It's been a long time since we went on an outing that wasn't an adventure in the great outdoors. In former days we used to go shopping, visit playgrounds, and spend lots of time at the library. Oh the library! How we miss it! Well, the library is still closed but the playground has reopened, and kids aren't barred from stores any longer, so yesterday we took a trip to the center of town just like old times. One difference, of course, was that Elijah rode his own bike: up the hill for the first time! We played on the playground for good long time before doing a little shopping at Whole Foods and Marshalls (for shorts: two out of three boys had holes in the ones they were wearing on the trip). When we got back Mama asked the kids what it was like going into a store for the first time in four months; pretty much regular, they said. It still feels kind of like a milestone.

Another milestone was returning (almost) the last of the library books we checked out back in March. While they're not letting us in, the library is now open for curbside pickup, so the book drop is back in action as well and they're sending us overdue notices for the books we've had for four months. It felt strange looking through them as we bagged them up to take back: we've read some of them so many times it felt like we owned them, while others, read once back in March, reminded us of how much time has passed since all this started. We used to go to the library at least once every week, often twice! We miss it. I'm psyching myself up to use the online catalogue and put in an order for pickup, but that's just not how I want to find books. We really want is to be able to browse the shelves again! The town just cancelled all town activities through the end of the year, so it doesn't look good for that. We're ready when they are.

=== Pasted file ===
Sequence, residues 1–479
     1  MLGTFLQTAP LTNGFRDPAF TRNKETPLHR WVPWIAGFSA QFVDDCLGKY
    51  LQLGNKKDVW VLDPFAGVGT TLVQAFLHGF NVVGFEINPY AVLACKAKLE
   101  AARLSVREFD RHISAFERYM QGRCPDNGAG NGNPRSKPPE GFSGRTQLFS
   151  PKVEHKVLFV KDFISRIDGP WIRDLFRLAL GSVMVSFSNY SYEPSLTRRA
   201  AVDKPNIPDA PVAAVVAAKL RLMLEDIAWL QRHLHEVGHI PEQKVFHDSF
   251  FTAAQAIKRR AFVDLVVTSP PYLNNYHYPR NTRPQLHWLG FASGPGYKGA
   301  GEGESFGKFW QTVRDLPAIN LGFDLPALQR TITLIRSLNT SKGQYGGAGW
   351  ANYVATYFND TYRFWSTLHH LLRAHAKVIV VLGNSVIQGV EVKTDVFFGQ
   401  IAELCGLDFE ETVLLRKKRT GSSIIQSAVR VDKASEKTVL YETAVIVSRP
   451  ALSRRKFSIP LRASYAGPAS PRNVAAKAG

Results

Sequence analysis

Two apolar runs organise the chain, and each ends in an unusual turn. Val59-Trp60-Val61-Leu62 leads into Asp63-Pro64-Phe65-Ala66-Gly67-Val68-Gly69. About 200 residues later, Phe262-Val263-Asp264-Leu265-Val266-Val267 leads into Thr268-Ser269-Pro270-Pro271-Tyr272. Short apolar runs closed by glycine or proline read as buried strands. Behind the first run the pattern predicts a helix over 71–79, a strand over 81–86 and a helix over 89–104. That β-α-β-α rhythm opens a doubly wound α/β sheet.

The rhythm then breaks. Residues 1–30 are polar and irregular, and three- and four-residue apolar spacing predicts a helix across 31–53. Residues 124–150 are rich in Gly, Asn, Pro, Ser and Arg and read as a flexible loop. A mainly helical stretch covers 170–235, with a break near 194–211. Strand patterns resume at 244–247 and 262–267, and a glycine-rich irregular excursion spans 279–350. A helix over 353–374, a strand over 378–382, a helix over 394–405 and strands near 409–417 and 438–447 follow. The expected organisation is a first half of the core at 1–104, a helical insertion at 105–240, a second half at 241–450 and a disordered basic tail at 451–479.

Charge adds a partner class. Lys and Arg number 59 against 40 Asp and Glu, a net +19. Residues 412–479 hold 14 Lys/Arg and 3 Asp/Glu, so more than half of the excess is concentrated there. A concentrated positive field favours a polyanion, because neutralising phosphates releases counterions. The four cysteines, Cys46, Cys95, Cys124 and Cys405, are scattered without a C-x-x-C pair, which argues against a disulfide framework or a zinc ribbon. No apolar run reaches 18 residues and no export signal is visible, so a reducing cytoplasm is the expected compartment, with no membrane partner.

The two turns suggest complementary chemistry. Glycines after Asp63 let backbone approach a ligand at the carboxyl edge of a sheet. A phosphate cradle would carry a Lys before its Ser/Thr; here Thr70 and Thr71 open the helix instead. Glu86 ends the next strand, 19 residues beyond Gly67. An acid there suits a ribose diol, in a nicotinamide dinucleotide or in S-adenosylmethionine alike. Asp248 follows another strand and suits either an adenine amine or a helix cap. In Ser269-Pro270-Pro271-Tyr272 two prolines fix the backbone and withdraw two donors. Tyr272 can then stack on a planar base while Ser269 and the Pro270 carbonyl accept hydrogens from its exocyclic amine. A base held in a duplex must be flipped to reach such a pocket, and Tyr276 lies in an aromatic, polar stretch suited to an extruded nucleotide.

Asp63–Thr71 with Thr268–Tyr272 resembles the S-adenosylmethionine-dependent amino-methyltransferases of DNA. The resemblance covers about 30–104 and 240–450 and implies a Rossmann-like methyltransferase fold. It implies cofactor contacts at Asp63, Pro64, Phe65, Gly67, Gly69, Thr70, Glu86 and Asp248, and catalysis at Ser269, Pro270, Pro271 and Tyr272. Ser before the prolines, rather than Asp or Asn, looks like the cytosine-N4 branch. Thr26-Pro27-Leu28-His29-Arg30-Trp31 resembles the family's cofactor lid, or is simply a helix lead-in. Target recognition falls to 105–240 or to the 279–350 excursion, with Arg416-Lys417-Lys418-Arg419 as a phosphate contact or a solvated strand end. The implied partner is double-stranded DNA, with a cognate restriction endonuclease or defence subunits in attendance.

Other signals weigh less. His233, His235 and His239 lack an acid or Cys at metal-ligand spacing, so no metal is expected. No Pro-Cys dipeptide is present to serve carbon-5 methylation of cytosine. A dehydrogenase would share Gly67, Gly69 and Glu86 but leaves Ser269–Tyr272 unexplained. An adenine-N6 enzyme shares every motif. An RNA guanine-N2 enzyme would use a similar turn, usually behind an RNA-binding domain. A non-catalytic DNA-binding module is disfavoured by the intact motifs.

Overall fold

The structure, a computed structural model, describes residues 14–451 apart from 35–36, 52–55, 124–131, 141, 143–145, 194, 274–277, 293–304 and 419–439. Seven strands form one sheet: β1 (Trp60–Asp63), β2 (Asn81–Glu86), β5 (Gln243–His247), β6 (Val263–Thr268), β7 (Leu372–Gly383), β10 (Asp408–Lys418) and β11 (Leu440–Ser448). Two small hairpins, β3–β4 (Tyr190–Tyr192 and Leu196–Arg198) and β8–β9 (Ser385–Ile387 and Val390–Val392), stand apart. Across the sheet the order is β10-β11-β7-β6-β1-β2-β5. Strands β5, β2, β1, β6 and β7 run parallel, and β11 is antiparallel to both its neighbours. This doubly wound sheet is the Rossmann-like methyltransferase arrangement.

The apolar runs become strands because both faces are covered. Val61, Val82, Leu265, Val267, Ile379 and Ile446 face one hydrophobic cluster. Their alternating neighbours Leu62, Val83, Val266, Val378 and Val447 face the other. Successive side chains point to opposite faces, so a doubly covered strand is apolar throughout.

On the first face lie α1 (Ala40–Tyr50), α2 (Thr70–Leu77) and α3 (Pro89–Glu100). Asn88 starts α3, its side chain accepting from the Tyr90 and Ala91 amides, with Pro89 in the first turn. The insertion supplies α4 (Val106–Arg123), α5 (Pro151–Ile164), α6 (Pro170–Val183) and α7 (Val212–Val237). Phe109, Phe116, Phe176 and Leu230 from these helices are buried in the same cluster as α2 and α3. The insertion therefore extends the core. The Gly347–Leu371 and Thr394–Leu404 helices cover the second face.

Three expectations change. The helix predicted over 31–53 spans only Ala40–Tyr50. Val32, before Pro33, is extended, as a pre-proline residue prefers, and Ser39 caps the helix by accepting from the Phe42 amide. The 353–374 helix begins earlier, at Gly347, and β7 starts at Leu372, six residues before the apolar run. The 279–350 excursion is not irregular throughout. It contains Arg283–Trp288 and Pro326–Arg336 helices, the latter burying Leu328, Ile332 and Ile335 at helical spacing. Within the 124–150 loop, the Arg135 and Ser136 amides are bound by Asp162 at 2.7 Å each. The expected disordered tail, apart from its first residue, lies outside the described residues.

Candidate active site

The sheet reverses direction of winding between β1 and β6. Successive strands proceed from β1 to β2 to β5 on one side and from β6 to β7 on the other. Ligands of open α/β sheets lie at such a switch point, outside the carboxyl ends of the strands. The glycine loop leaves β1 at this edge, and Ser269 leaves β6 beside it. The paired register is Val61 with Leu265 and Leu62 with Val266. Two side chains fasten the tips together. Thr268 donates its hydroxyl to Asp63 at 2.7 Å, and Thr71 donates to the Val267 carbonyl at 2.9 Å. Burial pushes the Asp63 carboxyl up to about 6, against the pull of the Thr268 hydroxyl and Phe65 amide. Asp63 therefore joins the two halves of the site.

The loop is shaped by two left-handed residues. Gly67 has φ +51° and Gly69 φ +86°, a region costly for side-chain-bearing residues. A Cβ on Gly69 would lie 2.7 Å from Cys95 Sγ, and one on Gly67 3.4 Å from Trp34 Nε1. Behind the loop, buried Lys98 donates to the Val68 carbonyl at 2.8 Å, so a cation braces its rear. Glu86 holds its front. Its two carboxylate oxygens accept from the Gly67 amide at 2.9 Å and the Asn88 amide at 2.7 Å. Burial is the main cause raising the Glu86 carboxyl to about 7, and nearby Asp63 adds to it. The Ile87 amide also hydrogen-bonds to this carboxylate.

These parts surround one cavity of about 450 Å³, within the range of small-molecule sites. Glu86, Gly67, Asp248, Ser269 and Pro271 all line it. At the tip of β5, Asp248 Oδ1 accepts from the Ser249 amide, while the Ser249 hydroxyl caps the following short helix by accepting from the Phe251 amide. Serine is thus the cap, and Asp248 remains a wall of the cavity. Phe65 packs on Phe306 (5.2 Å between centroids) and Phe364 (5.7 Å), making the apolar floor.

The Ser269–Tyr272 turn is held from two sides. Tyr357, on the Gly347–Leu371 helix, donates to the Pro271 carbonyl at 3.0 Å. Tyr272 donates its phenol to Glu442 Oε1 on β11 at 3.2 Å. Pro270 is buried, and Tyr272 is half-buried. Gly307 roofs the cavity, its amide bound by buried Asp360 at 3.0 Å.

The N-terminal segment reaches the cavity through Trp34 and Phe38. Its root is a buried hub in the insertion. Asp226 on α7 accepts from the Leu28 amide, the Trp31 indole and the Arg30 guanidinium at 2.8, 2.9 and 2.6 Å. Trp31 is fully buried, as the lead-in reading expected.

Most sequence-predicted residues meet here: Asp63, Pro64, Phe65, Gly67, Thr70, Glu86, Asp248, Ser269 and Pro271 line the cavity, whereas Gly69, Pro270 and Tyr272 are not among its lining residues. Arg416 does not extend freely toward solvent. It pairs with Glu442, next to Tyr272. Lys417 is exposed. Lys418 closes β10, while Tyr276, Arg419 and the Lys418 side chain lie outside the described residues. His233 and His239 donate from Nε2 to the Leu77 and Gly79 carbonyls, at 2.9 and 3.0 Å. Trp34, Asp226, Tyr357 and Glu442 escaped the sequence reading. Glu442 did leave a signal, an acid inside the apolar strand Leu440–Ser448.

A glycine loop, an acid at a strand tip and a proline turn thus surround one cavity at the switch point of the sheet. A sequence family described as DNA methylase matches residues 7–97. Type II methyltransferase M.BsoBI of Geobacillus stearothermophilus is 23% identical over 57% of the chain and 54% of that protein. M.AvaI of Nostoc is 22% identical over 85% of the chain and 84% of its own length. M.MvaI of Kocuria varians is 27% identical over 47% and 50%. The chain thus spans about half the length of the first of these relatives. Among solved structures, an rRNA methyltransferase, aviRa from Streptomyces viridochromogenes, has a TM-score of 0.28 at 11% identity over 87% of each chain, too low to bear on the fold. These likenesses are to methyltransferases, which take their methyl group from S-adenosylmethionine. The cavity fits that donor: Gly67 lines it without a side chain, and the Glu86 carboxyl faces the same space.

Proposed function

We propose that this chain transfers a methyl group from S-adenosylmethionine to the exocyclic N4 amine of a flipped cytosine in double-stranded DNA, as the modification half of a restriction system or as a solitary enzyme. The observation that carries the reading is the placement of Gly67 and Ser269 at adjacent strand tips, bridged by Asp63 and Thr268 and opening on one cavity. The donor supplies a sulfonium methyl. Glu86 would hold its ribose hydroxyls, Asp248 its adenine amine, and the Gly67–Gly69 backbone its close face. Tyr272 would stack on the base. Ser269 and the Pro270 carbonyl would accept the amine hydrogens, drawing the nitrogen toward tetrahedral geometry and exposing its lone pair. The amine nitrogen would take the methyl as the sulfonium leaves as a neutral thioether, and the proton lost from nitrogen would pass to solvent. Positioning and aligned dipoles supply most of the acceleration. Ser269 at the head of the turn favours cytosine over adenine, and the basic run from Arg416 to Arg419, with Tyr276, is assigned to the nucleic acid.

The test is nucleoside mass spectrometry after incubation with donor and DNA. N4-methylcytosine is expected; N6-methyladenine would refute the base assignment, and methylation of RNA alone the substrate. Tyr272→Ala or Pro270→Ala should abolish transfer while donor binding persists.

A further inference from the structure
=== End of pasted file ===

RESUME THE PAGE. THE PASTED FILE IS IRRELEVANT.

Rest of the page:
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strange pandemic shortages

With the Covid 19 and all we figured we wouldn't be getting out to pick berries this year, so we want to make sure we're taking good care of the ones we're growing here. And after all the strawberries got eaten by an animal that got through the netting, we want to make sure the blueberries are protected! I've never netted them before, but since the pandemic has also given me lots of time for gardening they're doing better than ever, with lots of fat almost-ripe berries that are apparently very tempting for squirrels, chipmunks, and robins. A few days ago I built a frame to put netting on, but our supply didn't quite cover it and on Sunday I headed out to the hardware store to buy some more, plus some chicken wire to run around the bottom for extra security. They didn't have either—no chicken wire or bird netting of any size. OK... today I went to Home Depot, where I was sure to find at least chicken wire. Nope: they were cleared out of both items as well, plus pressure-treated 2x4s, the other thing I wanted to buy.

The flour shortage I can understand, and the toilet paper thing has been explained to me in a way that I suppose makes sense. And both of those supply chains are pretty much back to normal now anyway (except that Market Basket has mysteriously stopped stocking whole wheat flour or bread flour, boo). Now I guess everyone is gardening? It seems strange to me, but I suppose it shouldn't be unremarkable that other people have planted berries and, I guess, started raising chickens for the first time? And the hardware stores didn't anticipate this? Whatever reason it's happening, I hope the supply gets sorted out soon because I hate seeing all those almost-ripe berries disappearing! Plus the frame looks pretty dumb with the netting stopping three feet short of the ground...

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varying protocols